Balancing DIY & SOS: A Modern Tale of an All-American Business

Brooklyn Tweed is on a mission to change the way you think about knitting, and founder and DIY entrepreneur Jared Flood has persevered in his vision.

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DIY entrepreneur Brooklyn Tweed

Brooklyn Tweed is on a mission to change the way you think about knitting. Yes, knitting. The Portland-based small business makes 100% breed-specific, all-American yarn on a large scale, along with fashionably hip patterns for women and men. Ten years ago, it was rare to find wool yarn sourced and produced within the U.S. Wishing to create classic, yet modern, designs knit with conscientiously produced yarns, founder and DIY entrepreneur Jared Flood persevered in his vision—and six successful years later, Brooklyn Tweed’s yarns and patterns are sold and downloaded around the world.

What’s part of their secret to success? Keep reading to find out how this DIY-driven team freed up their hands to make something meaningful.

Putting a Modern Spin on a Timeless Craft

It all began a decade ago when Jared says he “got bit by the knitting bug.” At the time, the demographics of knitting were different. As a male, Jared had few peers or role models in the industry. He started modernizing old patterns and writing about his knitting adventures, all the while sharing beautiful photos of what he was creating by hand. Over time, his blog grew and garnered a substantial following. For many, knitting was both a way to be creative and a way to relax, but Jared soon learned that what really also resonated with people was the idea that knitting didn’t have to be “my grandma’s hobby.” “It can be MY hobby. I can make something that looks good with my jeans,” Jared recalls. And with that insight, DIY small business Brooklyn Tweed was born.

A fan of history and tradition, Jared sought out American wool mills with which to do business. With more and more textile work being outsourced overseas, he saw the opportunity to turn a countrywide challenge into his company’s core value. He vowed to find his wools, his scouring facilities, his dye houses, and his mills all within the US—and sell his American-made yarns to American customers as well as customers around the world who equally appreciate and support Brooklyn Tweed’s mission.

Finding Balance Between DIY and SOS

Along the way to delivering on this 100% American-made mission, the young company hit operational bumps. “Small businesses get far fewer fiscal advantages than their larger competitors, and costs can run high. As a small business, we have the same amount of fiscal pressure, but we don’t have the same resources as a big corporation,” explains Brooklyn Tweed’s head of Business Development, Luigi Boccia. “It’s crucial to pay attention to every expense item and save valuable resources every time. Therefore, having a platform like Zenefits covering most of our HR needs is a boon for companies like ours.”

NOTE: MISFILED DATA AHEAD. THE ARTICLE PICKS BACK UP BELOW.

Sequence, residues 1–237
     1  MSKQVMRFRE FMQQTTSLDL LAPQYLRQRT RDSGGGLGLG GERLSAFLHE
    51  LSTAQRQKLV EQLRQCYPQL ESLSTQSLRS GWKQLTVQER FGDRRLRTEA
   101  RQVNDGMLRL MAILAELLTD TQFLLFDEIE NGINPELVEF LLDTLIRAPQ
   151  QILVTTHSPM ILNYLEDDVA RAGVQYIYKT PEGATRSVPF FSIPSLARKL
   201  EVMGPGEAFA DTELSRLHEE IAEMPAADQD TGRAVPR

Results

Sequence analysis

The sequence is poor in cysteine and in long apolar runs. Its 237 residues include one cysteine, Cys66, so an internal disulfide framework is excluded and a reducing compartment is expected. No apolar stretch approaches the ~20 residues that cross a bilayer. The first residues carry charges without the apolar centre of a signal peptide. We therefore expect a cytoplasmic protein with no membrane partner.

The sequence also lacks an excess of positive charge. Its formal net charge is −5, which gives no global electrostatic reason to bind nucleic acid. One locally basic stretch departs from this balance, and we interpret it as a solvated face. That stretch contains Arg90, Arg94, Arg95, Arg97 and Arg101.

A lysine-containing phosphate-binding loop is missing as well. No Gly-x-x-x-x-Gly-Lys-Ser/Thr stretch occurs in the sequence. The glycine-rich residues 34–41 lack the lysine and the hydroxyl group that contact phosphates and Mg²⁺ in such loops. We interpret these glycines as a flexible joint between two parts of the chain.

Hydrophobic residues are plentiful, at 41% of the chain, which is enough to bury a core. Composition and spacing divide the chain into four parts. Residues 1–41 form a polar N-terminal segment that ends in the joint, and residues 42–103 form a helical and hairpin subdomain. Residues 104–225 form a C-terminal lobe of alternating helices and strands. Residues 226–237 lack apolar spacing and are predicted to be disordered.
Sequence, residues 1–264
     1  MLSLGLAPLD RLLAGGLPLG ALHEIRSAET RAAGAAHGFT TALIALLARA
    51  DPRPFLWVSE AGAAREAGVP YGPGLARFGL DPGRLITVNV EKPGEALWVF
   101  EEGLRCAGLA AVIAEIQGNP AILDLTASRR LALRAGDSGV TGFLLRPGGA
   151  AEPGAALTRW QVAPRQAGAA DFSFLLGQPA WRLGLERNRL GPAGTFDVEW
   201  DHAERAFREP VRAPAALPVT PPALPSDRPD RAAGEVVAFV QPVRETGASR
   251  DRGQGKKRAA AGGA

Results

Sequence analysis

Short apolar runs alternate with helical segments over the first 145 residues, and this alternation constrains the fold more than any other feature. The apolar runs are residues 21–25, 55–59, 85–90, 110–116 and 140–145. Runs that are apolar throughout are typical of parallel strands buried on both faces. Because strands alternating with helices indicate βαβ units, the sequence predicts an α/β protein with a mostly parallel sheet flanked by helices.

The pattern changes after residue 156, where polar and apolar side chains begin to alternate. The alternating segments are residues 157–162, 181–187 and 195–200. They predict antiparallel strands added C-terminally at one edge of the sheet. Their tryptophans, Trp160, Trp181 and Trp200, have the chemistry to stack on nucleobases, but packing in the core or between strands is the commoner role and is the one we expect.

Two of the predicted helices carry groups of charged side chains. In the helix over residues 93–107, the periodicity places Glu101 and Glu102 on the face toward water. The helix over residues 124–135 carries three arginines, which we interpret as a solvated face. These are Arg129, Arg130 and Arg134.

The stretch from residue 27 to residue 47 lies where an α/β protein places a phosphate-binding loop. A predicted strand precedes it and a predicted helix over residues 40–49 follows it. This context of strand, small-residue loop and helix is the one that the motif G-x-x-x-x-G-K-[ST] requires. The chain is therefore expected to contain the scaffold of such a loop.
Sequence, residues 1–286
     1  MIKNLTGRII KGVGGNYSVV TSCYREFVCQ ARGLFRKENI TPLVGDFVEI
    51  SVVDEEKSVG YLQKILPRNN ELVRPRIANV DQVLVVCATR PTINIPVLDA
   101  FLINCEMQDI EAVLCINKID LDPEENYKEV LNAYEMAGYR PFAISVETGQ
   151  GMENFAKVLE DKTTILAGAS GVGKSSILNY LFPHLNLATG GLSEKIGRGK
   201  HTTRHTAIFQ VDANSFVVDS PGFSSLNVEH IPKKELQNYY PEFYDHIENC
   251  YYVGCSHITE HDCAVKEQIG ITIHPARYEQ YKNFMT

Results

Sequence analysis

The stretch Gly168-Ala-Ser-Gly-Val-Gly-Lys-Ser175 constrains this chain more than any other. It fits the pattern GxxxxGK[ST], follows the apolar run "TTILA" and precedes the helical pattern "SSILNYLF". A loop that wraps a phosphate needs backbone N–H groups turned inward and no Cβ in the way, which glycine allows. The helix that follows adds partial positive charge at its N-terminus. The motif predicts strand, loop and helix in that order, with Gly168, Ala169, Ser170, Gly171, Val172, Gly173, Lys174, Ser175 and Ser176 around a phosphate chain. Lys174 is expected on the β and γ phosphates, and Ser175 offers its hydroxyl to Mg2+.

In business, you can learn how to do something either by making a costly mistake or by hiring a costly consultant. Luigi points out that Zenefits represents a third option: no-cost HR partnership.

“How do you put together a handbook for your staff? How do you draft a PTO policy? How do you comply with the state laws? How do you shop for the best health insurance policy? How do you keep track of this and that? No matter how small your team is, you’ll always have a need for HR knowledge you don’t necessarily have. Zenefits offers us a platform and covers all of our HR needs.”

Hand-Knit Clothing + Hands-Free HR = Business Success

HR assistance from Zenefits has allowed Brooklyn Tweed to be an even more DIY project. By taking repetitive administrative tasks off the table, the company is able to focus all of its energy on making and selling amazing products. And make they do. The company places a great deal of importance on “making things with your own hands” and prides itself on its fashion-forward, hand-knit clothing items that customers crave. “Looking out to the future as a society, we’re probably going to continue to move gradually and slowly towards appreciating the process of making things, whether it’s cooking or making your own clothes or growing your own vegetables,” says Luigi. “It’s only a matter of time until we all become a little more conscious.”

Brooklyn Tweed has a plan for growth, and in the years ahead, Jared and Luigi hope to increase the size of their team and their US and global stockists. In addition, they hope to keep raising the bar on aesthetic values while staying true to their mission and continuing to create collections and yarns that make themselves proud and their customers happy. Other companies have taken note and followed suit, but true to American ideals, instead of viewing them as competition, Brooklyn Tweed sees the industry as a larger community. “Competition is part of business. It’s what makes us wanting to keep improving. We like the fact that our business model has inspired other companies and are grateful whenever others inspire us. In our industry, in this day and age, when you lift one, you lift them all.”

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